Some mothers get babies with something more. Some mothers get babies with conditions they can't pronounce, a spine that didn't fuse, a missing chromosome or a palette that didn't close. Most of those mothers can remember the time, the place, the shoes they were wearing and the color of the walls in the small, suffocating room where the doctor uttered the words that took their breath away. It felt like recess in the fourth grade when you didn't see the kick ball coming and it knocked the wind clean out of you. Some mothers leave the hospital with a healthy bundle, then, months, even years later, take him in for a routine visit, or schedule her for a well check, and crash head first into a brick wall as they bear the brunt of devastating news. It can't be possible! That doesn't run in our family. Can this really be happening in our lifetime? I am a woman who watches the Olympics for the sheer thrill of seeing finely sculpted bodies. It's not a lust thing; it's a wondrous thing. The athletes appear as specimens without flaw - rippling muscles with nary an ounce of flab or fat, virtual powerhouses of strength with lungs and limbs working in perfect harmony. Then the athlete walks over to a tote bag, rustles through the contents and pulls out an inhaler.

As I've told my own kids, be it on the way to physical therapy after a third knee surgery, or on a trip home from an echo cardiogram, there's no such thing as a perfect body. Everybody will bear something at sometime or another. Maybe the affliction will be apparent to curious eyes, or maybe it will be unseen, quietly treated with trips to the doctor, medication or surgery. The health problems our children have experienced have been minimal and manageable, so I watch with keen interest and great admiration the mothers of children with serious disabilities, and wonder how they do it. Frankly, sometimes you mothers scare me. How you lift that child in and out of a wheelchair 20 times a day. How you monitor tests, track medications, regulate diet and serve as the gatekeeper to a hundred specialists yammering in your ear. I wonder how you endure the clich├ęs and the platitudes, well-intentioned souls explaining how God is at work when you've occasionally questioned if God is on strike. I even wonder how you endure schmaltzy pieces like this one — saluting you, painting you as hero and saint, when you know you're ordinary. You snap, you bark, you bite. You didn't volunteer for this. You didn't jump up and down in the motherhood line yelling, "Choose me, God! Choose me! I've got what it takes." You're a woman who doesn't have time to step back and put things in perspective, so, please, let me do it for you. From where I sit, you're way ahead of the pack. You've developed the strength of a drafthorse while holding onto the delicacy of a daffodil. You have a heart that melts like chocolate in a glove box in July, carefully counter-balanced against the stubbornness of an Ozark mule. You can be warm and tender one minute, and when circumstances require intense and aggressive the next. You are the mother, advocate and protector of a child with a disability. You're a neighbor, a friend, a stranger I pass at the mall. You're the woman I sit next to at church, my cousin and my sister-in-law. You're a woman who wanted ten fingers and ten toes, and got something more.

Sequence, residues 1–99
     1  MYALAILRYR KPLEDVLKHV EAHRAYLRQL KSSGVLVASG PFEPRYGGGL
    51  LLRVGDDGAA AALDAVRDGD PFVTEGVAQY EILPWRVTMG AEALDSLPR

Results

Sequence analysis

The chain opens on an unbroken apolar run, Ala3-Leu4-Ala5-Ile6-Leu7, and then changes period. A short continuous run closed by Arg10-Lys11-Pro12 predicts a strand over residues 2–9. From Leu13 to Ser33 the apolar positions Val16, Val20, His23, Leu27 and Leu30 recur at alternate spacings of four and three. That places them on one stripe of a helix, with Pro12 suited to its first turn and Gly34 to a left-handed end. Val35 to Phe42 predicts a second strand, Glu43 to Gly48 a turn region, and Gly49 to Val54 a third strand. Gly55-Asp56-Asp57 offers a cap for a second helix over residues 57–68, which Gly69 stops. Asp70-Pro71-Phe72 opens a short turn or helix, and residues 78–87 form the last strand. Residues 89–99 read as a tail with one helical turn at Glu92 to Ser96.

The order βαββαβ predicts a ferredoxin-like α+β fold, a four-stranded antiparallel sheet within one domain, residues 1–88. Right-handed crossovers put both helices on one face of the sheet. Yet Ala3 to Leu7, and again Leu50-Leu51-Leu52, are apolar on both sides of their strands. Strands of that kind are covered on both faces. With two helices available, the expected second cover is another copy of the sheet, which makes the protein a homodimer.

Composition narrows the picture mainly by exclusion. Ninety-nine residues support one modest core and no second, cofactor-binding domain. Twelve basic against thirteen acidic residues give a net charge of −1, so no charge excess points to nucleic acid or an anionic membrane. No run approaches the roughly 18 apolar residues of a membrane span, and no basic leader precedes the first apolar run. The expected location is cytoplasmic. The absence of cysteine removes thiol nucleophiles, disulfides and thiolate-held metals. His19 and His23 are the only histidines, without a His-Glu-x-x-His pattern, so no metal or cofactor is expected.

You're a wonder.

Tuesday, October 9, 2007

Stress

Well, this is just a day of deep thinking...thoughts swirling and swirling. I sure can't wait until we go to Sick Kids again. (Nov 2nd) So many questions and worries and i just need some answers. I am stressing so much over whether of not to put BB Seaton through the hybrid procedure or to just go straight into stage 1 Norwood. I hear so many stories of babies coming out of the Norwood and doing well, i wonder if its even neccessary to go though the hybrid....isn't that just delaying the inevitable? Wouldn't you want to get the biggest hump out of the way...instead of puting it off until the baby is bigger and the hump is a little bigger? Whats the logic behind that? I hope the surgeons have some answers for me... as well as the single ventrile nurses.
I mean I know that every baby is different, but can we not generalize here even a little bit? These single ventricle nurses have been there every step of the way with babys hybrid or no hybrid. They must have some inclination on how much of a benefit the hybrid is for the baby.


Anyhoo, I'm attaching pictures of my support... my sisters and my nieces...and me...and BB seaton is in there too, he's hiding behind the belly button...:) This was taken at Thanksgiving (Canada) at Mom's house... notice how the stress is wearing on me... I dunno how we're supposed to make it through this... BB seaton isn't even here yet and he's giving me grey hair!